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Iraqi Forces "Advance Into DAESH/ISIS-held Ramadi"
Old 12-22-2015
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Default Iraqi Forces "Advance Into DAESH/ISIS-held Ramadi"

Iraqi Forces "Advance Into DAESH/ISIS-held Ramadi"

Iraqi officials said government forces were advancing into central Ramadi on several fronts

35 minutes ago

Iraqi government forces are advancing into the center of the city of Ramadi, which is controlled by jihadist group Islamic State (IS), officials say.

A spokesman for the Counter-Terrorism Service, Sabah al-Numani, said troops and militiamen, supported by the air force, were making good progress.

They were heading towards the main government complex, he added.

Ramadi, about 90km (55 miles) west of Baghdad, fell to IS in May in an embarrassing defeat for the Iraqi army.

Last month, government forces completed their encirclement of the predominantly Sunni Arab city, cutting off militants inside the center from their strongholds elsewhere in Anbar province and in neighboring Syria.

'Human shields'

Mr. Numani said troops from the elite Counter-Terrorism Service, backed by the army, Sunni tribesmen and US-led coalition aircraft, had begun the assault on central Ramadi at dawn and were advancing towards the government complex.

"We went into the center of Ramadi from several fronts and we began purging residential areas," he told the AFP news agency.
"The city will be cleared in the coming 72 hours.

"Our forces reached the Bakr neighborhood. We did not face strong resistance - only snipers and suicide bombers, and this is a tactic we expected," he added.

A source in the Iraqi military's Anbar Operations Command told the BBC that engineers had built temporary bridges over the River Euphrates, which flows along the north and west of the city center. This had enabled troops to enter directly the al-Haouz district, south-west of the government complex, the source added.

IS militants destroyed bridges over the River Euphrates to slow the government's advance

The army has recruited Sunni tribesmen opposed to IS for to support its assault on Ramadi

Iraqi intelligence estimates that between 250 and 300 militants are inside Ramadi.

The US military says they have developed a strong defensive system, including using improvised explosive devices (IEDs) to create minefields.

On Monday, the defence ministry warned that the jihadists had prevented civilians leaving since leaflets warning of an assault were dropped over the city last month.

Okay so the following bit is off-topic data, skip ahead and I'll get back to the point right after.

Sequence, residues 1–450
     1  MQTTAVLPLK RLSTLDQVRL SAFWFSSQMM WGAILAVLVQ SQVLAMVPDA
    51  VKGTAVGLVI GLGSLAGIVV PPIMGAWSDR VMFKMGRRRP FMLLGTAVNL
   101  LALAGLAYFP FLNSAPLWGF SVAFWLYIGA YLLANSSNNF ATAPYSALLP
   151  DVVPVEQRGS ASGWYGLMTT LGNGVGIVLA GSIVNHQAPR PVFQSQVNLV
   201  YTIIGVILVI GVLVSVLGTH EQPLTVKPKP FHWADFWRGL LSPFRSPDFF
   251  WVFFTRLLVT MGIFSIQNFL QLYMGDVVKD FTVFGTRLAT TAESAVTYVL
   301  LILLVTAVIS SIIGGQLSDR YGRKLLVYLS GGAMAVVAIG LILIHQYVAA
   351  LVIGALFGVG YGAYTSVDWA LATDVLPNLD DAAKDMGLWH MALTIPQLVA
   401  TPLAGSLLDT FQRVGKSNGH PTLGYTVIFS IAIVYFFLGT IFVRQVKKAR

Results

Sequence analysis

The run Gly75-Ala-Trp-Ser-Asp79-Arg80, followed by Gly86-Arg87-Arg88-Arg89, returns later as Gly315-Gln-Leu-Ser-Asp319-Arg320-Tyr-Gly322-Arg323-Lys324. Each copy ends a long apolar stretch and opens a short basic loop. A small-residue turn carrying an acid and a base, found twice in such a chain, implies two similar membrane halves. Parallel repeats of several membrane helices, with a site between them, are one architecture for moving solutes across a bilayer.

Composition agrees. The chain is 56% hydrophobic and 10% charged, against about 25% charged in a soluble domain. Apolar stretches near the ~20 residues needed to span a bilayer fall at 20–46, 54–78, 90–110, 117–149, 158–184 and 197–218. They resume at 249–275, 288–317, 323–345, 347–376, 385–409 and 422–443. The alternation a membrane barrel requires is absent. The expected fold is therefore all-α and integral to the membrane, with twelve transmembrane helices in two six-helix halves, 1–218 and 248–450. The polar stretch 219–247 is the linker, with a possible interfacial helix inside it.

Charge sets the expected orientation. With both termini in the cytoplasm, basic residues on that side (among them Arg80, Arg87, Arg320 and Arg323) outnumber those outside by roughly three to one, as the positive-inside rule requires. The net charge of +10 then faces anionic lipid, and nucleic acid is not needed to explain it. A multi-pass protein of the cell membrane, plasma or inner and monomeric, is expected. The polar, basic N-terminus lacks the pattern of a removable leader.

"They plan to use them as human shields," spokesman Naseer Nuri told the Reuters news agency, without indicating the number of civilians who were at risk.

Sources inside Ramadi told the BBC on Tuesday that IS militants had also carried out a campaign of raids and mass arrests of residents in districts still under their control, in an attempt to prevent an uprising in support of the government offensive.

The western Tamim district was retaken by Counter-Terrorism Service forces earlier this month

The operation to recapture Ramadi, which began in early November, has made slow progress, mainly because the government has chosen not to use the powerful Shia-dominated paramilitary force that helped it regain the northern city of Tikrit to avoid increasing sectarian tensions.

IS has lost control of several key towns in Iraq to government and Kurdish forces since over-running large swathes of the country's west and north in June 2014 and proclaiming the creation of a "caliphate" that also extended into neighboring Syria.

On Monday, analysis by IHS Jane's suggested that IS had lost 14% of its overall territory in Iraq and Syria, about 12,800 sq km (4,940 sq miles), over the past year.

Despite this, the group has been able to capture new territory of strategic value over the same period, including Ramadi and Palmyra in Syria's Homs province. It also still controls the Iraqi cities of Falluja, east of Ramadi, and Mosul, in the north.

What is Islamic State?

IS is a notoriously violent Islamist group which controls large parts of Syria and Iraq. It has declared its territory a caliphate - a state governed in accordance with Islamic law - under its leader Abu Bakr al-Baghdadi.

What does it want?

IS demands allegiance from all Muslims, rejects national borders and seeks to expand its territory. It adheres to its own extreme interpretation of Sunni Islam and regards non-believers as deserving of death.

How strong is IS?

IS projects a powerful image, partly through propaganda and sheer brutality, and is the world's richest insurgent group. It has about 30,000 fighters but is facing daily bombing by a US-led multi-national coalition, which has vowed to destroy it.

More on Islamic State



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